Ramdesh expressed that Sat Nam Foundation wanted to sponsor a volunteer on the ground. She asked when I could go. I responded, "Tomorrow."

My research began. Would I be able to plug into a team that was already on the ground? How could I be most effective? What kind of gear did I need in order to be safe? I worked with Ramdesh to put together a list of my needs and a budget for 3 months of volunteer time. With Spirit Voyage, Sat Nam Foundation released a Kirtan Aid album that raised enough money to sponsor me and my wife, Anais, to serve in Greece for 3 months.

We arrived in Lesvos, Greece in January of 2016, at the height of the refugee crisis. I could write a book on our 3 month experience in Greece, though I am going to keep this short and relevant to this blog post! And answer, why I joined Sat Nam Foundation?

I connected with an international rescue team, "Refugee Rescue," and served on a rescue boat for about 2.5 months. We helped to ensure the safety of thousands of people during this time. A few incidents stand out in my memory and have continued to shape my life.

Early one morning, before the sunrise, we were patrolling in Greek waters looking for boats crossing. Through the lenses of our night vision goggles, I spotted a boat. Our captain pointed us in the direction of the boat and we took off. As we approached the boat filled with 70+ people, I greeted them in Arabic, ensuring them that we were there to help.

After doing an initial assessment of the health of the passengers, we called in to the Coast Guard to report the boat and then began guiding them to shore. I heard a father crying out for water. 'Water, Water!' he begged. We always had a couple of bottles of water on board in the case of emergency. We leaned over and tossed the father the bottles. I watched as a few thirsty children sipped the life giving water.

As the sun rose, we reached the shore safely, and the boat full of cold, soggy refugees were greeted by a team of volunteers with a warm fire, tea, and dry clothes. Our small rescue team of 3 parked our boat and prepared to rest before our next shift.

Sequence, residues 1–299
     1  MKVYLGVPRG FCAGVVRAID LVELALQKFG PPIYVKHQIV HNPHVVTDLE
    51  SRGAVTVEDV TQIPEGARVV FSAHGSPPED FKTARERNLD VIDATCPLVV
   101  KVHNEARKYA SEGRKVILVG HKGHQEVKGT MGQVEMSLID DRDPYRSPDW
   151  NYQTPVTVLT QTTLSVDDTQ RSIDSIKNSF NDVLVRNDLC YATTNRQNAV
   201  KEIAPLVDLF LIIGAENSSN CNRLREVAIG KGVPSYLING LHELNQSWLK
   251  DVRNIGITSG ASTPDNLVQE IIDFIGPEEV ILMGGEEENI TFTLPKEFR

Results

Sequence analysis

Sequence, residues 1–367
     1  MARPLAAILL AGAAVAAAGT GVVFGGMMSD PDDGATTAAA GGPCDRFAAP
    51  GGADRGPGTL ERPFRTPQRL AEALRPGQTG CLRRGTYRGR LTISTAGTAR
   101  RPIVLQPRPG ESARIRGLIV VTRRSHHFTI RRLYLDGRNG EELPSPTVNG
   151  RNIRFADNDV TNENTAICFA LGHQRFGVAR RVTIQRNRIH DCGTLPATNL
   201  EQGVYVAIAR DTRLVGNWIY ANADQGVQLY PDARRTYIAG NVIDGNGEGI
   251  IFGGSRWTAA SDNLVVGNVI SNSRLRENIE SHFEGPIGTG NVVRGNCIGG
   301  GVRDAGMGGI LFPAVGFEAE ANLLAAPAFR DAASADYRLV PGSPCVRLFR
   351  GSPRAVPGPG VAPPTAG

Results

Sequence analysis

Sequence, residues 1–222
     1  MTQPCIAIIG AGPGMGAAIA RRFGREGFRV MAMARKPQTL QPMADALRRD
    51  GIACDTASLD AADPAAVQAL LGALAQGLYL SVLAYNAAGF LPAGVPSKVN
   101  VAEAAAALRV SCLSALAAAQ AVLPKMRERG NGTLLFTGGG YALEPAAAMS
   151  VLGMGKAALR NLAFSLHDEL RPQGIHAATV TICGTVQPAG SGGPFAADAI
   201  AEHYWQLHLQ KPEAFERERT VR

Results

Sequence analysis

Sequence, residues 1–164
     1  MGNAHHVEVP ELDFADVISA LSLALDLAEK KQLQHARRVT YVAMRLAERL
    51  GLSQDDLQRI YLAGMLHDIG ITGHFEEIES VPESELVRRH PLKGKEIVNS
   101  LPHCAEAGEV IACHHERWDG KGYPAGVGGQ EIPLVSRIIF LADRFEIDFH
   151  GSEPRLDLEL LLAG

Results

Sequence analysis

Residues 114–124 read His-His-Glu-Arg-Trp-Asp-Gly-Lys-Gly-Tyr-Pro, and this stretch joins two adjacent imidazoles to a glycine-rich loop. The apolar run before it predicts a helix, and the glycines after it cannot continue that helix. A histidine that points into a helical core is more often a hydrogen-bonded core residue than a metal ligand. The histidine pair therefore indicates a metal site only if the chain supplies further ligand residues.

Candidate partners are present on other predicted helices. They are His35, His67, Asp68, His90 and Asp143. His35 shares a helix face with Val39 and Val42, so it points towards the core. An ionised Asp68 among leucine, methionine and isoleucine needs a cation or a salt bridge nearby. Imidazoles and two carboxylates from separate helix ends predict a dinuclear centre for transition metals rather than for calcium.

As I walked through the crowd, I could feel the buzz of celebration. The refugees felt like they had made it to freedom. I was embraced by the father that we had gifted water. He looked deep into my eyes, and said, "We were stuck in Turkish refugee camps, and my children have been without water for three days. You gave us hope." His wife and seven children looked up at our rescue team with big smiles and a glow of gratitude.

On that morning, I felt full of love and joy. Even though the situation in Lesvos was one of the darkest, most twisted situations I have ever been in, there was a glimpse of hope. A taste of humanity. My life was forever changed in this moment. I am committed to serving humanity and this planet.

I have deep gratitude for the father and his children for giving me the opportunity to help them. This experience has provided me with internal freedom that is beyond words. I have experienced the power of service, and I hope to share the magic of service with you.

When I returned to the US from Greece, Sat Nam Foundation invited me to continue to serve with them. There was never a moment of hesitation. The individuals and community involved with Sat Nam Foundation has always felt pure and true to me, and I believe in the mission of service. I gladly accepted their offer.

Since the Summer Solstice of 2016, I have been running the day to day operations for Sat Nam Foundation. I have learned many lessons along the ways and I have always felt supported by individuals and our community. If you made it this far in this story, chances are that you are one of those people! I have deep gratitude for you.

I pray that we can continue to serve together, and that we can help bring peace to this planet.

God Bless you. Sat Nam.